Just got a copy of this magazine, and it’s really wonderful. Not just for all the contacts, especially with other forest gardeners and frugalists, but because this is how all voluntary organisations should run. On the bare minimum of costs, and with no conflict of interest from advertisers/ sponsors.
Got me thinking too. About the whole being vegetarian/ vegan thing. Why people do it for. I know it’s about respect for animals, or being healthier. But if they really believe that then they have a rather nasty wake-up call coming. It doesn’t actually do anything. Neither save animals from a pointless suffering / death, or make you any healthier. In fact someone who eats a conventional diet can be a lot more compassionate, as well as live just as long. This is because the way we think about these fundamental issues has been polarised, sidetracked from the main issue. Money. Regardless of how zealous or pure your intentions might be, when it comes to saving other life forms, the planet, sustainability, or being healthy, it’s all dependent on what each of us chooses to earn and spend that makes all the difference. Just that, nothing else. Sounds crazy but someone living frugally, on a low income, is always going to be doing a lot more for the ecology, and be healthier, than anyone wealthier with all the right-on credentials/ best intentions. Money destroys life, in a zillion ways. Through the pollution it creates, the habitat it destroys, the poisons that enter the food system. The only sure way to achieve true compassion for the world is for us each to work towards living self-sufficiently, on as little dependency for cash as possible.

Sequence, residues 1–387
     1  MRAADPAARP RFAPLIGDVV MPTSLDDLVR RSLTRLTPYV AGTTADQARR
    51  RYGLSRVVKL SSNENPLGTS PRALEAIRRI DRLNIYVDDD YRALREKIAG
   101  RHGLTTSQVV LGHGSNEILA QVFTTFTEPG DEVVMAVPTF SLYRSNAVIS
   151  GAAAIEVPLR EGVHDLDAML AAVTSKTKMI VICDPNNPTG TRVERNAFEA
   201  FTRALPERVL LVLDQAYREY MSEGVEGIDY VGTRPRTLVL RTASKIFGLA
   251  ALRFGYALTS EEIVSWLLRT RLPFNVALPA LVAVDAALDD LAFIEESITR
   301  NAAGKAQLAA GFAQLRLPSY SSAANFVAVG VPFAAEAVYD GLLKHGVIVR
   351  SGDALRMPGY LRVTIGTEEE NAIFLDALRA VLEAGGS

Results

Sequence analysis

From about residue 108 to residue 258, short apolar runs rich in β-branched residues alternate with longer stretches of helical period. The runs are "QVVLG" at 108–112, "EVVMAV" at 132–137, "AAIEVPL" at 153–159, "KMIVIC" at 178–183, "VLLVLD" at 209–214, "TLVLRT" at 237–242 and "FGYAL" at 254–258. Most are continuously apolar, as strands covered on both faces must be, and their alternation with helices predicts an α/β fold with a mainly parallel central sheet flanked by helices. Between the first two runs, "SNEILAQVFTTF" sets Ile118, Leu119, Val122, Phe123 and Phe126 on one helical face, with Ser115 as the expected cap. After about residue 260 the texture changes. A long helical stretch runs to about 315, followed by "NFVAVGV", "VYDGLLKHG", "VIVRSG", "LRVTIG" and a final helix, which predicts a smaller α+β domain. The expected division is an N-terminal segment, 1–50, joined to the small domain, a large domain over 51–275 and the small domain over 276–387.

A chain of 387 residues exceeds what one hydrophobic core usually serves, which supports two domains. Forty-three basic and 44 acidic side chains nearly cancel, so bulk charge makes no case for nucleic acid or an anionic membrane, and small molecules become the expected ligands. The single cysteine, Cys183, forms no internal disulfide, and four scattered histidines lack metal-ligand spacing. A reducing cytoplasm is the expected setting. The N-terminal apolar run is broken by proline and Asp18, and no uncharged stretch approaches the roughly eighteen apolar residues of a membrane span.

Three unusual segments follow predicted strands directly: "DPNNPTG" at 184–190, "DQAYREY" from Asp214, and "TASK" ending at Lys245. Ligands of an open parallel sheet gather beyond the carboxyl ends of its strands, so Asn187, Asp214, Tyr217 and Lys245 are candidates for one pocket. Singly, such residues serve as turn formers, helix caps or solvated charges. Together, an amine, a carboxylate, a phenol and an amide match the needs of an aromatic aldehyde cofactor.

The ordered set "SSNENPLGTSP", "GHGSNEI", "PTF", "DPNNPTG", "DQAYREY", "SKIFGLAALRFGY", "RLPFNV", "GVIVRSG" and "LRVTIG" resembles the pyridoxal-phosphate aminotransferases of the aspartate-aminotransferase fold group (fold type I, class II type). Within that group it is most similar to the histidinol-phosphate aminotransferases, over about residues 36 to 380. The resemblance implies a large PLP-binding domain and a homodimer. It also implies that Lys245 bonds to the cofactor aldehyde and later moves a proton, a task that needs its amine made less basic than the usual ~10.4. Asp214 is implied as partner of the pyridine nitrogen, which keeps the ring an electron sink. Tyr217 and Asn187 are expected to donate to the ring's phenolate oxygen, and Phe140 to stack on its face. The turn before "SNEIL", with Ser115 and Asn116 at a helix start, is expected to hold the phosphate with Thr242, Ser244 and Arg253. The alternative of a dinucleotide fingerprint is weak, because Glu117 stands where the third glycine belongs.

* NEW LEAVES magazine. £5 for a year’s subscription. http://mclveganway.org.uk
* frugalism – being economical in the use of means, thrifty.
The other epiphany I had was about what we take for granted. Science, history, faith, morality, the work ethic, patriotism, family, language, the arts, everything we draw upon and use to shape our daily lives and path. How it is also a carefully crafted con. Created to keep us in our place.
I realised this after thinking about how long our species has been around on this planet. I drew a line on a piece of paper, representing the eight million years reckoned to be the approximate length of time, then marked on that the point when our global numbers first began to rise. Which roughly corresponds to when we first lived in permanent dwellings, had the idea of the family, developed language as a primary tool for communication, created religions, and all the other life forms on the planet started to decline. And where on this line was that? Right at the very end. Yes, for almost eight million years we managed to exist here without any of what we now take for granted, while our population held steady at a minute fraction of what it is today, and everything on the planet was in perfect balance. It’s time to learn that lesson and get back to that.